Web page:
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Thu, Nov. 21

Berlin Sleep Questionnaire a highly accurate test for sleep apnea

Dear Dr. Rosenberg,

My husband was hospitalized last month for chest pain. It turned out to be coronary disease and now he is on medication and a strict cardiac diet. He was administered a written questionnaire called the Berlin Sleep Questionnaire. It was positive and now based on that his doctor wants him to have a sleep study. Does this make sense?

A: What you are describing is a very accurate screening test for those with sleep apnea. In a recent study, 88 percent of those with positive questionnaires had sleep apnea. More importantly, this study was performed on cardiac patients. Those with a positive questionnaire and coronary disease had poorer outcomes such as heart failure, progressive disease and death when not treated. So in answer to your question, it makes good sense.

Dear Dr. Rosenberg,

I was diagnosed with narcolepsy 10 years ago. Despite being on Ritalin and antidepressants, I'm still sleepy and have cataplectic attacks regularly. I understand there is a medication called Xyrem that might help. Do you know anything about this drug?

A: Yes, I use it in many of my patients with narcolepsy. It is not only effective in improving cataplectic attacks (attacks of sudden muscle weakness in response to emotions), but it also improves daytime sleepiness. It is a tightly controlled medication, as it is also known on the street as the "date rape drug." It is available through only one pharmaceutical company in the United States. However, it is well worth the time and effort to get it. It has significantly improved the treatment of narcolepsy.

Dear Dr. Rosenberg,

Whenever I travel abroad I have terrible jet lag. It takes me several days to get back to feeling normal. We will be traveling to Spain this year. Do you have any ideas?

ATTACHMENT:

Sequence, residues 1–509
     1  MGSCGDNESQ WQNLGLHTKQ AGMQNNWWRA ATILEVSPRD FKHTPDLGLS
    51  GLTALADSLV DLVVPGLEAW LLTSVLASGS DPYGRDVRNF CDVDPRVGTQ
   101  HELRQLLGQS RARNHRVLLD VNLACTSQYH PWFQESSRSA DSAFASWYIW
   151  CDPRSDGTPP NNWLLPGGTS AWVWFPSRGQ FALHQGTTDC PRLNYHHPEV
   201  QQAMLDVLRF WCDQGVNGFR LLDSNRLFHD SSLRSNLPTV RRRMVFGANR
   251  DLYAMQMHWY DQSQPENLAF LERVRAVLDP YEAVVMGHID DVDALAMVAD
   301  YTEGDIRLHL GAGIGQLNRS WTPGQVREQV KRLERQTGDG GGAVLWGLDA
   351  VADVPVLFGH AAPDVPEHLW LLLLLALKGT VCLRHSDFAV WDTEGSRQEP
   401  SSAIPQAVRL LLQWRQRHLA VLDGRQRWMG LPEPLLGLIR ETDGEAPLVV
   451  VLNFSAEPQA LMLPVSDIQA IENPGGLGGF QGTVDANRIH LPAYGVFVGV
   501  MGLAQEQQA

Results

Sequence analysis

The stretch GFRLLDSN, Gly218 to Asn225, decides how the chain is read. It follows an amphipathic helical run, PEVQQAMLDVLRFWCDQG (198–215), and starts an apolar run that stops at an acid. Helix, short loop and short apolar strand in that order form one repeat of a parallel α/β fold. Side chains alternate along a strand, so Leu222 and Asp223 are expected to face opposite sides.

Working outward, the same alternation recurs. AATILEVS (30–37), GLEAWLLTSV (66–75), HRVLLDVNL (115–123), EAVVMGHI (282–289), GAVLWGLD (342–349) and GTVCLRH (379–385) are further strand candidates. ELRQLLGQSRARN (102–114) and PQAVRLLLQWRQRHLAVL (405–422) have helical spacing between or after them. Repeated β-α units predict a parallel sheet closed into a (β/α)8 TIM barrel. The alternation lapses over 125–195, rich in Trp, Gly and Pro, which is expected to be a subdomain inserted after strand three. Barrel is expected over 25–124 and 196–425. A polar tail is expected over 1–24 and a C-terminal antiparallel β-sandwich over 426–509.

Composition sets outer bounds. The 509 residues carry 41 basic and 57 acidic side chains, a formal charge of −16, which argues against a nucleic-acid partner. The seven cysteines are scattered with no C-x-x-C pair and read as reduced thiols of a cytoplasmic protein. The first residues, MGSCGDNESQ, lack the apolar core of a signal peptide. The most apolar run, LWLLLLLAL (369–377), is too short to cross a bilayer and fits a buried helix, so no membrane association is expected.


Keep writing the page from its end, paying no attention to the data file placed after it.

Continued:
A: Yes, jet lag results from a lack of synchronization between your internal biological clock and your new environmental clock. This results in fatigue, irritability, headaches and sometimes constipation or nausea. Taking Melatonin, 2 to 3 mg. a half-hour before bedtime at your new destination can help. Exposure to light late in the afternoon and avoidance of bright light in the morning the first day of arrival can also be beneficial when traveling to the East. Finally, try to eat your meals such as lunch or dinner at times appropriate for your new time zone.

Dear Dr. Rosenberg,

I was diagnosed with sleep apnea. When I was placed on CPAP I developed what I was told were a lot of central apneas. I have been on CPAP for six weeks and I do not feel any better. In fact, I wake up several times a night feeling short of breath. When they gave me the CPAP I was told that the central events would go away. Is it possible that the central events have not gone away and that is why I am not feeling better?

A: Yes, what you are describing is called complex sleep apnea. It means that in response to the CPAP, your brain is periodically failing to send a signal to your respiratory system to breathe. Unfortunately, the most recent studies show that 50 percent of those with this form of sleep apnea do not change. Therefore if this continues I would advise you see a sleep specialist. You will probably need a completely different type of machine, one that treats both the obstructive and central events. Most insurance companies now cover these more expensive machines.

Dr. Robert Rosenberg, board-certified sleep medicine specialist, will answer readers' questions by incorporating them in future columns. Contact him at or via mail at the Sleep Disorders Center of Prescott Valley, 3259 N. Windsong Drive, Prescott Valley, AZ 86314.

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